Can you please tell me what is inside the Taproot Witness data?

For P2WPKH, it is defined in BIP-0141 and we have: <signature> <pubkey>

But for Taproot, I can't find anything similar. Per exploring the raw transaction data, it seems we only have <signature>.

If I am correct, how can I extract the public key, or sender address from an input which spends a P2TR output?

  • Hi Sina, "witness program" refers to the byte vector in an output (such as the public key hash in P2WPKH). You probably mean "witness stack" or "input witness", is this correct? Commented Apr 27, 2023 at 20:15
  • You are probably right. according to BIP-0141, it seems it is called witness fields or witness data. Commented Apr 27, 2023 at 20:18
  • Note that there is no such thing as a “sender address”. It is not necessarily a given that the sender has control of the address that input funds were received to. E.g. if the sender uses a custodial service, the address may be associated with another user, or if the transaction was created by multiple users, the inputs may have been owned by various users.
    – Murch
    Commented May 1, 2023 at 14:05

1 Answer 1


From BIP341:

A Taproot output is a native SegWit output (see BIP141) with version number 1, and a 32-byte witness program. [...]

  • Let q be the 32-byte array containing the witness program (the second push in the scriptPubKey) which represents a public key according to BIP340.
  • Fail if the witness stack has 0 elements.
  • If there are at least two witness elements, and the first byte of the last element is 0x50, this last element is called annex a and is removed from the witness stack. The annex (or the lack of thereof) is always covered by the signature and contributes to transaction weight, but is otherwise ignored during taproot validation.
  • If there is exactly one element left in the witness stack, key path spending is used:
    • The single witness stack element is interpreted as the signature and must be valid (see the next section) for the public key q (see the next subsection).
  • If there are at least two witness elements left, script path spending is used:
    • Call the second-to-last stack element s, the script.

In other words, Taproot key path spends only have one1 witness item, the signature. Script path spends always have at least two witness items, and usually more to provide an initial stack for the script execution.

Since BIP340 signatures don't allow public key recovery, you can't compute the public key (and therefore address) from the signature alone in a key path spend. In a script path spend, you could combine the revealed internal key with the root of the script to get the public key.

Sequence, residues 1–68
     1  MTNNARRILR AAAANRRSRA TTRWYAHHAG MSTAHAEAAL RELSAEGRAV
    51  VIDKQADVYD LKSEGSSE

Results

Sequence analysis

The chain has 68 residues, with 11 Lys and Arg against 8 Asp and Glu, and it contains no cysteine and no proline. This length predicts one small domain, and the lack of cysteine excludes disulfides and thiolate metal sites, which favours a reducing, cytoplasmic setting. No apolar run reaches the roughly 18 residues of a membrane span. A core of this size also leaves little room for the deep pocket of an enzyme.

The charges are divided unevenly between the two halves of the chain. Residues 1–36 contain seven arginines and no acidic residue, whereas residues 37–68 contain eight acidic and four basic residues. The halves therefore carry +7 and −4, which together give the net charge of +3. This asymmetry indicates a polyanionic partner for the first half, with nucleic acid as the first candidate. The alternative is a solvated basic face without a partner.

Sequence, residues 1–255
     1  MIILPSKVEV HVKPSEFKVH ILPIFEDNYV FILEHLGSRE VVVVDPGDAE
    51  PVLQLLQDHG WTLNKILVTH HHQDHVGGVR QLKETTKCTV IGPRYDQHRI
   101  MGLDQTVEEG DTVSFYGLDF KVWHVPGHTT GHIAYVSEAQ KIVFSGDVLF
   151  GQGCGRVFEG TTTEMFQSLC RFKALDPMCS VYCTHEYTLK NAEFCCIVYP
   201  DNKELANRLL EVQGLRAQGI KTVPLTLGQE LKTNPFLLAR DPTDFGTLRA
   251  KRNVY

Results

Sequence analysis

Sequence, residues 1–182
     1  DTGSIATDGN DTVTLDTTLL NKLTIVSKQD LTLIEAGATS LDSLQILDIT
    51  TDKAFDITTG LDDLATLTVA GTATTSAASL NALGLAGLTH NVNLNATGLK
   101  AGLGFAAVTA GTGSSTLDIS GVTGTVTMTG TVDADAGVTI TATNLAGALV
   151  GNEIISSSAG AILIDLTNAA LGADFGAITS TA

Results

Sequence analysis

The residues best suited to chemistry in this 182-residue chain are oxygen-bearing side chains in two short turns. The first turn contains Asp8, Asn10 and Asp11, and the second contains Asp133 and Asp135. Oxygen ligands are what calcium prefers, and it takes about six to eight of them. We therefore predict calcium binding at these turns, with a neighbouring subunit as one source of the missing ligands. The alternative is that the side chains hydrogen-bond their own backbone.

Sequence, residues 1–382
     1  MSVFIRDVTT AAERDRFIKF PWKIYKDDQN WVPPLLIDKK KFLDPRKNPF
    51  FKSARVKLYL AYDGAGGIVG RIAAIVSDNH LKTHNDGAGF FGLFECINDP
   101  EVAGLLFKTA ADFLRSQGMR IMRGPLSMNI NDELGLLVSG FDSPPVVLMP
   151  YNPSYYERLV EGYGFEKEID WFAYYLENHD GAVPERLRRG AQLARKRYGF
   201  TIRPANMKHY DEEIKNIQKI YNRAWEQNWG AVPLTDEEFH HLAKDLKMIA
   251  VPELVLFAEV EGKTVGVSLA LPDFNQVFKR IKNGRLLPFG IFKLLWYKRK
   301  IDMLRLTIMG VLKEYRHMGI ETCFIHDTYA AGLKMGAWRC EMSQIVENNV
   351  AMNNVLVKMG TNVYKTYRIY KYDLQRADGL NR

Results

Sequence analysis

However, getting the output script of the output being spent is as simple as looking up the transaction output referenced by the txid and index in the input, so there's rarely a reason to use a method that only works for some output scripts, and requires you to know the output type (P2TR in this case) in the first place.

1 Assuming the annex is not present.

  • Thank you, so the only workaround to compute the address is to lookup the blockchain again for prev out? Commented Apr 27, 2023 at 21:40
  • I wouldn't even call that a workaround, that's just how it's normally done. Of course this all depends on what exactly you're doing, maybe you're storing the previous outputs with the transaction itself, but you definitely had to look them up at least once. Commented Apr 27, 2023 at 21:50
  • We pay for those blockchain requests, I just wanted to reduce the number of requests. It is possible to compute an address in other scripts, but it seems this is not the case for p2tr. Commented Apr 27, 2023 at 21:51
  • 1
    Even for those other scripts, you need to know what type of script you're looking at to compute the address. A witness stack with two items could be a P2WPKH, or it could be something else. I'd recommend considering a solution that doesn't require paying for API requests – this would usually involve running your own node. Commented Apr 27, 2023 at 22:08
  • if you can't recover the public key from a p2tr, then how can the network verify the signature included in the witness? Commented Dec 4, 2023 at 21:43

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